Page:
Conclusions

The detection of influenza viral RNA and viable influenza virus from stool suggests that influenza virus may be localized in the gastrointestinal tract of children, may be associated with pediatric diarrhea and may serve as a potential mode of transmission during seasonal and epidemic influenza outbreaks.

Competing interests

The authors declare that they have no competing interests.

Authors' contributions

CD - laboratory supervision and testing, data analysis, writing manuscript. ERS - Study design, review and corrections of manuscript. MRK - Data analysis, writing manuscript, revisions to manuscript. MA - study oversight, data management and analysis. EL - Study oversight and supervision of laboratory testing. TMU - Study design, review and corrections of manuscript. THB - Study design, review and corrections of manuscript. PJB - Study design, review and corrections of manuscript. SDP - study principal investigator (Sept 2005 - April 2008), study design and implementation, data management, data analysis, writing manuscript. All authors read and approved the final manuscript.

Acknowledgements

The authors would like to thank all participating hospitals and clinics in the Indonesian Pediatric Diarrhea Surveillance Network. In addition, we thank all the laboratory technicians who participated in the processing of all clinical specimens; both at NAMRU2 and the National Institute of Health Research and Development, Ministry of Health. No conflicts of interest exist among any of the authors. Preliminary data for this manuscript was presented by the primary author at the 6th Annual Options for the Control of Influenza in Toronto, Canada, June 2007.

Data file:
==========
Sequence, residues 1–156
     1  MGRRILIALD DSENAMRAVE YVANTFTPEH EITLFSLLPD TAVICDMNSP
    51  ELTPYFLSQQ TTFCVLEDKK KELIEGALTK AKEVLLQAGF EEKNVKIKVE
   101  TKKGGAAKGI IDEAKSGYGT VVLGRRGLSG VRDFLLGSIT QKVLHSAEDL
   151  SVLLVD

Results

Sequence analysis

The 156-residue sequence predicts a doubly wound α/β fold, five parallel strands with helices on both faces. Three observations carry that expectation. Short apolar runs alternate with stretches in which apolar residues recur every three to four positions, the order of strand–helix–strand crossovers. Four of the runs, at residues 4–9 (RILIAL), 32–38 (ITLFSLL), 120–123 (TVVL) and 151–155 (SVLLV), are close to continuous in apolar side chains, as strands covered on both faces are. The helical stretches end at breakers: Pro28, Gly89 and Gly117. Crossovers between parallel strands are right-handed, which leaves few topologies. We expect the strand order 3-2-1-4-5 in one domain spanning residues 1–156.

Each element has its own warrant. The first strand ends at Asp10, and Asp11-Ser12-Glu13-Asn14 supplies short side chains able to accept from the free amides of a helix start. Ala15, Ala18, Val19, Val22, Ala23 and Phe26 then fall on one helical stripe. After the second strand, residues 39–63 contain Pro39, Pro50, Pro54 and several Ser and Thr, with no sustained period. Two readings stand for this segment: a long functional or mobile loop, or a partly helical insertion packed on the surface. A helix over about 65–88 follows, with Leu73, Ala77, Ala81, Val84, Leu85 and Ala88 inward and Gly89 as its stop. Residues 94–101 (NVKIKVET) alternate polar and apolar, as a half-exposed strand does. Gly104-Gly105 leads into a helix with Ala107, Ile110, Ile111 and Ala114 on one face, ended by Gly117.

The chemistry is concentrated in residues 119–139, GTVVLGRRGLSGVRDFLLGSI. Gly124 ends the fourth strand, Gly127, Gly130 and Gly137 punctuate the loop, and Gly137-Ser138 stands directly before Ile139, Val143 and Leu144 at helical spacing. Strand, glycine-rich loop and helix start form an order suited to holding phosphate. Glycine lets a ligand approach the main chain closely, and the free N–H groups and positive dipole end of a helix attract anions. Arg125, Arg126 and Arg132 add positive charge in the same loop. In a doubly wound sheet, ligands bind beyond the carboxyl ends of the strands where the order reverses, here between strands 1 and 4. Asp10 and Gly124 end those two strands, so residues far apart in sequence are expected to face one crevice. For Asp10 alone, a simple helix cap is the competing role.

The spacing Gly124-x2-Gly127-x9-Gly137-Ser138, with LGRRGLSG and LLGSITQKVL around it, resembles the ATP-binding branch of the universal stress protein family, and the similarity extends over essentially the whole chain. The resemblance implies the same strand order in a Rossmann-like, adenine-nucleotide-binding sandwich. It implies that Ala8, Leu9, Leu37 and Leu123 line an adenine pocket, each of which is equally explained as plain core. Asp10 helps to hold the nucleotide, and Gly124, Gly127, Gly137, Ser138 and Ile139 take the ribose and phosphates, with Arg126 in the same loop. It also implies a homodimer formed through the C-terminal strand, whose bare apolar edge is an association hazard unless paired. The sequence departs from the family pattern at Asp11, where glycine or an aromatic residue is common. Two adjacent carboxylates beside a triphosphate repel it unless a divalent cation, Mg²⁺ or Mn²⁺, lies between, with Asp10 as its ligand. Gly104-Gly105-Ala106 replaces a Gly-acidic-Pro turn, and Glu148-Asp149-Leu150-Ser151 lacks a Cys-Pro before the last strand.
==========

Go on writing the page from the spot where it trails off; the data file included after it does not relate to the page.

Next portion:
Funding for this study was provided by the Global Emerging Infections Surveillance and Response System, a Division of the Armed Forces Health Surveillance Center and the U.S. State Department's Biosecurity Engagement Program.

Views expressed in this article are those of the authors and do not reflect the official policy or position of the Government of Indonesia, Indonesian Ministry of Health, Indonesian National Institute of Health Research and Development, the U.S. Department of Defense, the Department of the Navy or U.S. Naval Medical Research Unit No. 2, Jakarta, Indonesia, or the US Centers for Disease Control and Prevention.

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Pre-publication history

The pre-publication history for this paper can be accessed here:

http://www.biomedcentral.com/1471-2334/10/3/prepub